We prioritize what we want our money spent on within the Association because we have limited funds. Phil and I have been here 26 years. The research and development is run by Roger Broadley from the Maroochy Research Station and Alan George does the breeding work and the tree manipulation work with Bob Nissen, Don Hutton, the late Dan Smith, and Geoff Waite. Alan George started work on trellising years ago but and dismissed it because the trees were too vigorous but he’s come up with a lot of new varieties of Custard Apples with which we have trial blocks all the way down the east coast and there are two trial blocks in NSW – we’re the one closest to the coast and there’s another inland. We decided to trial his new varieties on the trellis with dwarfing interstocks and it hasn’t worked very well as it was a straight up and down trellis but we have another variety from someone else that is a self pollinating Pink’s Mammoth called KJ Pink so we feel it’s going to be conducive to trellising. The Victorians developed an open Tatura trellising that they put stone fruit on, so along with Phil and Alan George, they have put in an open Tatura trial at the Research Station and we have also put one in here and we think it’s going to work. We also decided to put one lot under netting and leave one lot outside. On our web page we have a member’s section but just recently we’ve put every article from every newsletter since the newsletter was started 12 years ago so now we have a search engine, you can search by author etc. The Taiwanese grow a lot of Custard Apples.
Sheryl What sort of pests are you having problems with?
Patti Everything. Fruit Fly, Fruit Spotting Bug, Yellow Peach Moth, Avocado Leaf Roller, Possums, Birds, Rats….We had a conference in Ballina last year and Phil presented a paper on “To Net or not to Net” and we estimate we lose 30% of our crop in a bad year and people don’t realize this. Although we don’t have much fruit fly here, we bait spray 6 weeks before picking every 7 days with Maldison and Auto-Lysate and this is so we can send them interstate.
Varieties The flavour of KJ is the same as a Pink’s Mammoth. Because KJ sets a lot of fruit, they are much smaller than the normal Pinks Mammoth so we’re going to have to grow it totally differently to how we grow anything else. We’re going to have to prune a lot heavier, and a thinning regime. We probably pruned half of the fruit off and we still got small fruit so we’ll have to thin much more. They also set a lot mis-shapen fruit as well so a lot of the trial work will be on how much fruit to leave per butt size of the tree like we do with stone fruit. You leave so many fruit per cm of butt of the tree. It’s not viable for us to produce small fruit as it takes twice as long to pick, twice as long to pack and half the money. We originally had 600 African Pride but we’re slowly replacing them with KJ. According to Keith Paxton where KJ Pink came from originally, you have to prune heavily and fertilize heavily. Trialing, we have Maroochy Gold, Maroochy Jewell, Maroochy Yellow,T6, Palethorpe don’t set fruit. I like Maroochy Gold – it has soft flesh but not as sweet as Pinks Mammoth. It’s too vigorous to grow on a trellis. The DPI have released all the Maroochy varieties but they’re under PBR. Maroochy Smoothie is not being released because it has internal quality problems.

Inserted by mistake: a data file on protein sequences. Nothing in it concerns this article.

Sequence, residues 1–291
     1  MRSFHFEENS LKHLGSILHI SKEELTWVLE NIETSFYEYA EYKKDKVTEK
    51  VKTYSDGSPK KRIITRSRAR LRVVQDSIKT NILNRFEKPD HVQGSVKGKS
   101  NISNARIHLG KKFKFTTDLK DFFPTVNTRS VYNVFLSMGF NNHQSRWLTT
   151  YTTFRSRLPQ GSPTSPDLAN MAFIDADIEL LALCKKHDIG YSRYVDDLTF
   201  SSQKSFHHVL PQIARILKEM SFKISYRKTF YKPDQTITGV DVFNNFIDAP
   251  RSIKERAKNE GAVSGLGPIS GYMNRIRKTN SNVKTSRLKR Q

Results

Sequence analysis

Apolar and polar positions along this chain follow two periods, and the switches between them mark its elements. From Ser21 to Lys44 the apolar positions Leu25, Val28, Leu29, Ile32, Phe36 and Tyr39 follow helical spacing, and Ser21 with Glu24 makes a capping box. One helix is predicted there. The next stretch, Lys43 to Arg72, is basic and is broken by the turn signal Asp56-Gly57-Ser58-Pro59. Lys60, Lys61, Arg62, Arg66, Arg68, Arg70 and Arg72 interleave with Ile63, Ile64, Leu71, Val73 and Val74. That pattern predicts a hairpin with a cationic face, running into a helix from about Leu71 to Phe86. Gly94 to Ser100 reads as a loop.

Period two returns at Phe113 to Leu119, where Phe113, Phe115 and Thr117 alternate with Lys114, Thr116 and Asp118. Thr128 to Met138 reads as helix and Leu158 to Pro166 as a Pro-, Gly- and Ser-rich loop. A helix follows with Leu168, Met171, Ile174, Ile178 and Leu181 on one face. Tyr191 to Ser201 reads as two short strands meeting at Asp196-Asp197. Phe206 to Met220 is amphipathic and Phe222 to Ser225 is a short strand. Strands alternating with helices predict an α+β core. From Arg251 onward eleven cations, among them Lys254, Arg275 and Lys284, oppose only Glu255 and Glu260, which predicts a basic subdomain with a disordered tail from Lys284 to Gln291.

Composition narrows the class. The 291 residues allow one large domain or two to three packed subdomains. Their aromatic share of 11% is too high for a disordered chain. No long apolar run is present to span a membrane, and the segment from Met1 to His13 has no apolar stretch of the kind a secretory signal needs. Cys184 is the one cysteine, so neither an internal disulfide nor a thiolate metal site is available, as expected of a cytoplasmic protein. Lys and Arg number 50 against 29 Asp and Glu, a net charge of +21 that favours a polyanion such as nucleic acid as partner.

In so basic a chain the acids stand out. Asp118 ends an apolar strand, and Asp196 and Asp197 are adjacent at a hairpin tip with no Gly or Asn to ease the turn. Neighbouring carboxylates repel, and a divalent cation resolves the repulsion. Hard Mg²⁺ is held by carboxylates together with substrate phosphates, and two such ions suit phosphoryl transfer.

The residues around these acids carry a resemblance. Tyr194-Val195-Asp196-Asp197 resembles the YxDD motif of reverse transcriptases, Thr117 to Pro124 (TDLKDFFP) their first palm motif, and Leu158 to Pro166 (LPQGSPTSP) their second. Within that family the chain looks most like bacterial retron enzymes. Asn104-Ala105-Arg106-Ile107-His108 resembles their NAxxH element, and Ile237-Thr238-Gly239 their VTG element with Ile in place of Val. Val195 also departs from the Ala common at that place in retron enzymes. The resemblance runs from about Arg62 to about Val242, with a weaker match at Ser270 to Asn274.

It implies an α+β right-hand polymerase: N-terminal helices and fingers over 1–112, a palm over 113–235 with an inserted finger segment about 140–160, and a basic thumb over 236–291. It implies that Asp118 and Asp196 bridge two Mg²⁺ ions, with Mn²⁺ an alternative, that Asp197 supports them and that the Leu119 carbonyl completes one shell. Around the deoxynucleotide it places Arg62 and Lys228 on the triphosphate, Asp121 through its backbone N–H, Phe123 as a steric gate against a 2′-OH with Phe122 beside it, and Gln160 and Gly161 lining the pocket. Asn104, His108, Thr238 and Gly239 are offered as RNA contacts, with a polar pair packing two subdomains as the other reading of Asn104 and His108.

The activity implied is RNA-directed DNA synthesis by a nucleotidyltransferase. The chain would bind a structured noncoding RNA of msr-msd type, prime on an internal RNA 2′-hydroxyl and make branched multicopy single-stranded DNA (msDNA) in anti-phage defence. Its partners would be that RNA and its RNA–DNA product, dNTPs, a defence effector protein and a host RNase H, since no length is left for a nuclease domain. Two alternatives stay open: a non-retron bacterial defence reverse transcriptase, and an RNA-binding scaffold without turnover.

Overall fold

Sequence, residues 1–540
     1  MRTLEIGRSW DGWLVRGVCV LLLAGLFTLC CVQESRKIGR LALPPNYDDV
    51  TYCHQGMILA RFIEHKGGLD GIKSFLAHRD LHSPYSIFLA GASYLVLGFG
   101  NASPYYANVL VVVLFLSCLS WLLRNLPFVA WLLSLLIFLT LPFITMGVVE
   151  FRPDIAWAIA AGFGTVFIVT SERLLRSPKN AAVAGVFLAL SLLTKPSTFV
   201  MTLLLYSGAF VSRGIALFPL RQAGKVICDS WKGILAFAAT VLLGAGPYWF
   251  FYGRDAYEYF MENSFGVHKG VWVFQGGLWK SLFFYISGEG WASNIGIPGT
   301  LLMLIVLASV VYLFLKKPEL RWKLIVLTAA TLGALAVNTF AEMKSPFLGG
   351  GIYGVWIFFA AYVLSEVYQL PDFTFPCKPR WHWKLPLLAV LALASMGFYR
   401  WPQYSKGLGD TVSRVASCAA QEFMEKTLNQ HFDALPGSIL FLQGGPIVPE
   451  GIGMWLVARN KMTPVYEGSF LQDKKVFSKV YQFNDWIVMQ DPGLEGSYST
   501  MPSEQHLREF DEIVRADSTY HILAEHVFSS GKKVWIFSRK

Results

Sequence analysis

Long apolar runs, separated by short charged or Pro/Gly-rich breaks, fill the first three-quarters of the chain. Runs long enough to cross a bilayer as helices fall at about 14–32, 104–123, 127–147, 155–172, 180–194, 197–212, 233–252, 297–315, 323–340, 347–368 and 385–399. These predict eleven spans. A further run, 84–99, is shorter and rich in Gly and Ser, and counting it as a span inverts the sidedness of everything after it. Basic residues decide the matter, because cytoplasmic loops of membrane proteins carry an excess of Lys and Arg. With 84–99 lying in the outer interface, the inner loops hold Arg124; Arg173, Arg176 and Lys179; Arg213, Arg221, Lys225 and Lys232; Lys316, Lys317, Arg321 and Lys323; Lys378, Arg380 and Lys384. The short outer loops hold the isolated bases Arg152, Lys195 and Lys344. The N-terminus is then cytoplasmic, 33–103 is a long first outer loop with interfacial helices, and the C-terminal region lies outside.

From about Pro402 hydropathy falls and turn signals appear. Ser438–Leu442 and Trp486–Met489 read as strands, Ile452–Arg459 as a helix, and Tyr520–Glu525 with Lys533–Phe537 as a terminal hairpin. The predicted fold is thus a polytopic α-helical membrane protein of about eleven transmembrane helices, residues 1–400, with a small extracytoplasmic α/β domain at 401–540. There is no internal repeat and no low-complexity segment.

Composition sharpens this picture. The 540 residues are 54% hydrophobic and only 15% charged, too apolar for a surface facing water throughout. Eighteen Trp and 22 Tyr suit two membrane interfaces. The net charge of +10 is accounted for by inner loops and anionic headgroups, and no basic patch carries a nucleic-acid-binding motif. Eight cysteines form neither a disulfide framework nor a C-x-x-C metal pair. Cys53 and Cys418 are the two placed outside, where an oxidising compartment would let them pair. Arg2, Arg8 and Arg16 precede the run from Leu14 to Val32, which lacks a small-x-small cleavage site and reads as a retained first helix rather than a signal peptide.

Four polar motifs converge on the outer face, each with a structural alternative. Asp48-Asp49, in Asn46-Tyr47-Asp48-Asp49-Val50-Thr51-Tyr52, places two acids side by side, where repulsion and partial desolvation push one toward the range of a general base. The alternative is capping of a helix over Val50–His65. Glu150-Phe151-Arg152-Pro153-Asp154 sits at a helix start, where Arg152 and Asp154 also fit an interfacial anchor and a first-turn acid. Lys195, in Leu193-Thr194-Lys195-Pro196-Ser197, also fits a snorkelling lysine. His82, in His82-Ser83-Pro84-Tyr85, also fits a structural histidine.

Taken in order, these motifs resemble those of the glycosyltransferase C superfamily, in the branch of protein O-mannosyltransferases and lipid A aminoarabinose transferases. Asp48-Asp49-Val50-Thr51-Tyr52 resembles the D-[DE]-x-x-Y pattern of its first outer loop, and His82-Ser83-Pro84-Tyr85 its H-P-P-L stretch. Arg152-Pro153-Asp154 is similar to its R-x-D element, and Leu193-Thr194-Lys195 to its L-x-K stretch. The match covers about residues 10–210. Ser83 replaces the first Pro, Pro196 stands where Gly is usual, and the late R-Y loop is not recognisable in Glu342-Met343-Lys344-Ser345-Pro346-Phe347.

Sheryl How much water do you put on your trees?
Patti We have undertree irrigation and moisture meters and we try to keep the moisture between 25 and 10 and when it reaches 25-30, Phil irrigates. We use Intell Sprinklers.
Sheryl Are more people coming into the Association?
Patti On the Sunshine Coast there are a lot of small growers but they’re tending to go out of it as the land is being subdivided or they’re getting too old and their family don’t want to take over but the growers who are staying in are putting more trees in. We also grow Peaches and Nectarines and we made more money out of those than the Custards. We want to identify a good backyard tree and commercialize it as a backyard tree so it has to be reasonably dwarfing.
Trellising The upright poles are 6mtrs apart and the trees are 3 metres apart but I wouldn’t do this again but in a backyard situation, it would be feasible. The original Tatura came up and went to a Y fork and you put a tree in and one the other but this one is open so you can walk down the middle so you can prune both sides whereas with the old style Tatura, it was too difficult to prune. This is 30º to the vertical; the stonefruit people put theirs in 15º to the vertical but we’ve actually opened it even more to try and get them to flatten out so we’re hoping to get less vigour. Only use the heavy wooden posts as steel doesn’t work. The fellow who designed the open Tatura in Victoria is Bass van den Eden and when he came up for the Stonefruit Conference and saw ours, he declared it a world first the fact that we had incorporated the structure in the support system. The netting came from Netpro in Toowoomba.
Rootstocks We use Cherimoya rootstock with a dwarfing Cherimoya inter-stock and then the Maroochy Gold on top but Roger is really disappointed they are so vigorous because he really thought the inter-stock would slow them down.
After cooking your curry, add some chunky segments of Custard Apple.
Add some segments to some blue vein cheese.
Patti is the Secretary of the Australian Custard Apple Growers Association.
“Custard Apple News” is the newsletter of the Custard Apple Growers Association and comes out quarterly $66 per year. www.custardapple.com.au
Article compiled by Sheryl Backhouse